JAMAICA – Joy turned sorrow
Four die in horrific crash going home after Tallawahs victory
KINGSTON – The joy that four Jamaicans experienced watching the Tallawahs beat the Barbados Tridents in a rain-delayed Caribbean Premier League Twenty20 cricket match at Sabina Park in Kingston Wednesday night, turned to sorrow for their relatives when they died in a horrific crash on Dyke Road in Portmore, St Catherine, early Thursday morning.
Police named the victims as 47-year-old police Sergeant Dillon Davis, who was assigned to Central Police Station in Kingston; 29-year-old Tameka Davis of 3 East, Greater Portmore, St Catherine; 18-year-old Theo McKenzie of Greater Portmore, St Catherine; and a man known only as ‘Marvin’.
According to the Caymanas police, the crash occurred about 1:57 am.
McKenzie, the police said, was driving a Toyota Yaris with Tameka Davis, Marvin and another man as passengers when it collided with a Honda CR-V being driven by Sergeant Davis.
The police were summoned and on their arrival all the occupants of both vehicles were seen with multiple injuries.
They were taken to hospital where Sergeant Davis, McKenzie, Marvin, and Tameka Davis succumbed their injuries. The other man, whose identity the Jamaica Observer was unable to ascertain up to last night, has been admitted.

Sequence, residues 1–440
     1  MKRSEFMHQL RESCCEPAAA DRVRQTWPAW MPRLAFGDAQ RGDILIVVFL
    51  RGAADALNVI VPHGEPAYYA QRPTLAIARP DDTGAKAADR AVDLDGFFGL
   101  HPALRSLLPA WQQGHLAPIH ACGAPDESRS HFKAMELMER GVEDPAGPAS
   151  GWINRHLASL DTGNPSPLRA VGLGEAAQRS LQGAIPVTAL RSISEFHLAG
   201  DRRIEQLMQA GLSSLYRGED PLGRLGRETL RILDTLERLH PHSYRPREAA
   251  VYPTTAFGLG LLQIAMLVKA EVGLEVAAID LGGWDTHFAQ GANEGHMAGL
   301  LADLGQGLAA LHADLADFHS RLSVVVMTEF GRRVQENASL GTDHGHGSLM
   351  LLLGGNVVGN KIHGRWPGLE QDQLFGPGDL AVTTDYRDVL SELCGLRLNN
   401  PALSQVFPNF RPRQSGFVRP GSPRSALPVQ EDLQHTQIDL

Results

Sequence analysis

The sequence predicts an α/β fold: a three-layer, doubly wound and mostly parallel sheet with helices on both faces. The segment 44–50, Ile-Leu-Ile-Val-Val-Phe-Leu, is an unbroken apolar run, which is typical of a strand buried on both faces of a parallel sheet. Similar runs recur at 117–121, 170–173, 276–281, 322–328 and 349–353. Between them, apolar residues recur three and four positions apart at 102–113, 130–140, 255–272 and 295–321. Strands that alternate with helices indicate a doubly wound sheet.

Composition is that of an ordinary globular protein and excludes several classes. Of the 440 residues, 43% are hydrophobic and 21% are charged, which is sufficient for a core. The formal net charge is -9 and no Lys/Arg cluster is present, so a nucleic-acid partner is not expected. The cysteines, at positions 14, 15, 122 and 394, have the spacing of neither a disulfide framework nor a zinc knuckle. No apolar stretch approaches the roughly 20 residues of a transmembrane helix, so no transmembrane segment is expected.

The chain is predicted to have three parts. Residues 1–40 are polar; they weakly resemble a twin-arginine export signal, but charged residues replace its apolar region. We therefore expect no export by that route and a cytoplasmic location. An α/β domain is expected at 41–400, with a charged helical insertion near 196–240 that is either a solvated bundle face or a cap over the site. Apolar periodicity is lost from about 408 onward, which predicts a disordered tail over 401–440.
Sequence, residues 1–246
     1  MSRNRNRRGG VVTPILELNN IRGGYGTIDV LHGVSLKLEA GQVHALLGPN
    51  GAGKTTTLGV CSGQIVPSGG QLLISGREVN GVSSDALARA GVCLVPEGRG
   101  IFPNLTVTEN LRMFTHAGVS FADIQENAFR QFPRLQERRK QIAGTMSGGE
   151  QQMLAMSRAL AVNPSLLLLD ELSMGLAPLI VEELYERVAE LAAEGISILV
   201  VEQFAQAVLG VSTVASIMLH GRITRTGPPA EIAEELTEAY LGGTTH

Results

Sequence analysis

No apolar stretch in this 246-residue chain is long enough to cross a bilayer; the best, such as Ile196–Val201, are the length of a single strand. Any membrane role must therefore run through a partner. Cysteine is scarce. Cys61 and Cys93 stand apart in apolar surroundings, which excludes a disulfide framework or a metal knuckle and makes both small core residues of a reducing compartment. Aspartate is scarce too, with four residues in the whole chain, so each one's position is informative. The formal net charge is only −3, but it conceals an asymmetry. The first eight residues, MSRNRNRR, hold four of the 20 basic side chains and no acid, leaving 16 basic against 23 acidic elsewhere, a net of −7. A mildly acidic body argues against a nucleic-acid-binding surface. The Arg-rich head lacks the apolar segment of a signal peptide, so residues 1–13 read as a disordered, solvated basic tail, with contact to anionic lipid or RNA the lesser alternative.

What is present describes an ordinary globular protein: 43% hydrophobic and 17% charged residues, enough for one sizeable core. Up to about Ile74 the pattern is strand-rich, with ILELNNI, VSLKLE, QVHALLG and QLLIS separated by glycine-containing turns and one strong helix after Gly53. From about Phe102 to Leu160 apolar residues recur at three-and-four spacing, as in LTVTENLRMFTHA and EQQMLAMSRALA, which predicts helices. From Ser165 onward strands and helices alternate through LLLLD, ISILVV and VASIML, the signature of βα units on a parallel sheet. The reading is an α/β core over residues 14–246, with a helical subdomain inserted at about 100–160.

News of the tragedy was too much for Sergeant Davis’s colleagues.
Yesterday, they received counselling and support from Pastor Evan Mullings from the Full Life Deliverance Ministry, as well as Bishop Benjamin Brown and former Jamaica Constabulary Force (JCF) member Elder Herbert Clarke, both from Shiloh Apostolic Church.
The distraught policemen and women cried openly as they reflected on Sergeant Davis’s life. They described him as a role model and a mentor.
Constable Herman Duncan told the Observer that he last saw Davis minutes before he left for the cricket match.
Deputy Superintendent Maldria Jones-Williams remembered Sergeant Davis as a motivator, hard worker, and fearless crime fighter.
“He was a welfare person; he looked out for his members. He was a God-fearing person who was always praying and encouraging persons to pray and read their
Bible,” Jones-Williams said, adding that her departed colleague was a disciplinarian who, despite being a hard task master, got full support from his team members and others.
“He will be missed by all of Central,” she said. “He was one of those persons who the criminals feared. It is not just a loss for us, but for the division,” Jones-Williams said.
Davis, the Observer was told, served at Kingston Central Police Station for 22 of his 24 years in the JCF. When the
Observer visited the homes of the other deceased individuals their relatives were too distraught to speak.